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The Rhinegold: Page 287
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Wotan: (on the point of setting foot on the bridge, stops and turns round: #12) (#20b?:) What sounds of wailing waft this way (:#20b?)?

 

Loge: (peering down into the valley) The river Rhine’s children bewail the rape of the gold.

 

Wotan: Confounded nixies! – (to Loge) Put an end to their teasing!

 

Loge: (calling down into the valley: #20a modulation or #20b?:) You there in the water! Why weep at us up here? Hear what Wotan wishes of you: if the gold no longer gleams on you maidens, blissfully bask henceforth in the gods’ new-found splendour (:#20a modulation or #20b?)! (The gods laugh and, during the following, stride across the bridge: #35)

The Rhinedaughters describe their lost Rhinegold, which they once celebrated in song, dance, and verse, as guileless. Before Alberich took it, it represented the preconscious innocence of the pre-Fallen golden age before evolution produced human consciousness with its inherent ills. According to Loge the Rhinedaughters had begged of Wotan that he somehow restore the lost gold to them, specifically the Ring, and Wotan had refused for the simple reason that man is a conscious being and by his very nature can never return to a prior stage of the evolution of consciousness now long past. However, as Wagner said so often, in music, which for Wagner was the essential distillation of man’s aesthetic intuition of the world, mankind will obtain an artificial means of restoration of lost innocence. Wagner seems to have encapsulated this concept, that through music, that distillation of human experience of nature and of man, we can redeem ourselves from mother nature’s terrible Truth, in his following observation about the meaning of one of his favorite operas, Weber’s Der Freischuetz:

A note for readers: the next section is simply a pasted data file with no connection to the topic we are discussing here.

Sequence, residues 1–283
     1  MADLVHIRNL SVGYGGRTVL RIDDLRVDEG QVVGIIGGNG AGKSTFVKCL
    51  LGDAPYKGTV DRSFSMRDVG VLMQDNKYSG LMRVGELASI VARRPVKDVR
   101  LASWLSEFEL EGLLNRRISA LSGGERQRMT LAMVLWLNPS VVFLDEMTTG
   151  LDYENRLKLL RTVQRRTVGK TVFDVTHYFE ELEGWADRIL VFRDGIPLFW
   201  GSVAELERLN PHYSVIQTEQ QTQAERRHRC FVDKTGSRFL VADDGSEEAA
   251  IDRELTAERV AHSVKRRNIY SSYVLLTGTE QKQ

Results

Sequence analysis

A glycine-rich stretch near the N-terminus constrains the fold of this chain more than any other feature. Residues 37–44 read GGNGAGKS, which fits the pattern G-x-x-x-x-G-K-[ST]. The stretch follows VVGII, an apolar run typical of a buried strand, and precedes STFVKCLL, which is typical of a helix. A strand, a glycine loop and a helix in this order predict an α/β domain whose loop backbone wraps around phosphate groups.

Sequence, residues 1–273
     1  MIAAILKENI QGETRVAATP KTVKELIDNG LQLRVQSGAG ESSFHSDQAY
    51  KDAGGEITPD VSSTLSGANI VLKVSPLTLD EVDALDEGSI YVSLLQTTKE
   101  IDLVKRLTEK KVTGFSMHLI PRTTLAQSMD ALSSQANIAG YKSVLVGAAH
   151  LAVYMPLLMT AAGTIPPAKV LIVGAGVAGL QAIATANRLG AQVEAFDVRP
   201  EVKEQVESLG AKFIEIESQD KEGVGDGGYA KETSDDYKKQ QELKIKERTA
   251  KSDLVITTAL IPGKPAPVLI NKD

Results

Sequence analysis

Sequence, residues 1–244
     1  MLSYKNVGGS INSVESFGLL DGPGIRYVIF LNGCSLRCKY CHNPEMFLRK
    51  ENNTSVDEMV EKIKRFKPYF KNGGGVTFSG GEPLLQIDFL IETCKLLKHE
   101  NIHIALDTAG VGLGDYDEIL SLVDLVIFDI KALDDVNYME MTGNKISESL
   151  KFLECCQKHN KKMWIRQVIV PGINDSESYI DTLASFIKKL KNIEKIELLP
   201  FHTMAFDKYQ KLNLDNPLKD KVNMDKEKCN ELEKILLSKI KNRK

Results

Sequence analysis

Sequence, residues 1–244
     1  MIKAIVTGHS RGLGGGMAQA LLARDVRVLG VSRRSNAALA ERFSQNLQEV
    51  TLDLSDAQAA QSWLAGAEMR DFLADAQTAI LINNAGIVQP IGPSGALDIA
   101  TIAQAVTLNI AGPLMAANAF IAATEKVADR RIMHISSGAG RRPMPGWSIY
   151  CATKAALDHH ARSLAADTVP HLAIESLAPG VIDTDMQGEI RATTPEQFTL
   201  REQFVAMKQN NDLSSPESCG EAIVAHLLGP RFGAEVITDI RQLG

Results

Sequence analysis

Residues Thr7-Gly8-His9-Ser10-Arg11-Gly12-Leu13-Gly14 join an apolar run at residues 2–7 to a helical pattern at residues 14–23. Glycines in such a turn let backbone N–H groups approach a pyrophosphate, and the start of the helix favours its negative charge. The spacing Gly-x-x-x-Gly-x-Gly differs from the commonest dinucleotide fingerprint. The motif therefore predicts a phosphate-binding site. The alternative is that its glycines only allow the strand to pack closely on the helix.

[P. 174] [Speaking of “ … the legend of the ‘Freischuetz,’ “ [Wagner said:] “It seems to be the poem of those Bohemian woods themselves, whose sombre aspect lets us grasp at once how the lonesome forester would believe himself, if not the prey of a daemonic nature-power, at least irrevocably subject to it. (…) Albeit terrible, this notion does not here [P. 175] become downright remorseless: a gentle sadness shimmers through its awe, and the lament over Nature’s lost Paradise knows how to soften the forsaken mother’s vengeance. And that is just the German type.” [354W-{5/41} Der Freischuetz: PW Vol. VII, p. 174-175]

Here in one sentence we find the two kinds of knowledge Wotan seeks to obtain from Erda (Mother Nature), both the objective knowledge which engenders fear of the truth (i.e., that we are “irrevocably subject” to a “daemonic nature power,” the fate incarnate in Erda’s knowledge), and aesthetic intuition (i.e., “the lament over Nature’s lost Paradise,” the Rhinedaughters’ lament for the lost Rhinegold). For it is by virtue of aesthetic intuition, or music, that Wotan can sublimate the terrible world (Erda’s fearful prophecy of the twilight of the gods) aesthetically into a sympathetic

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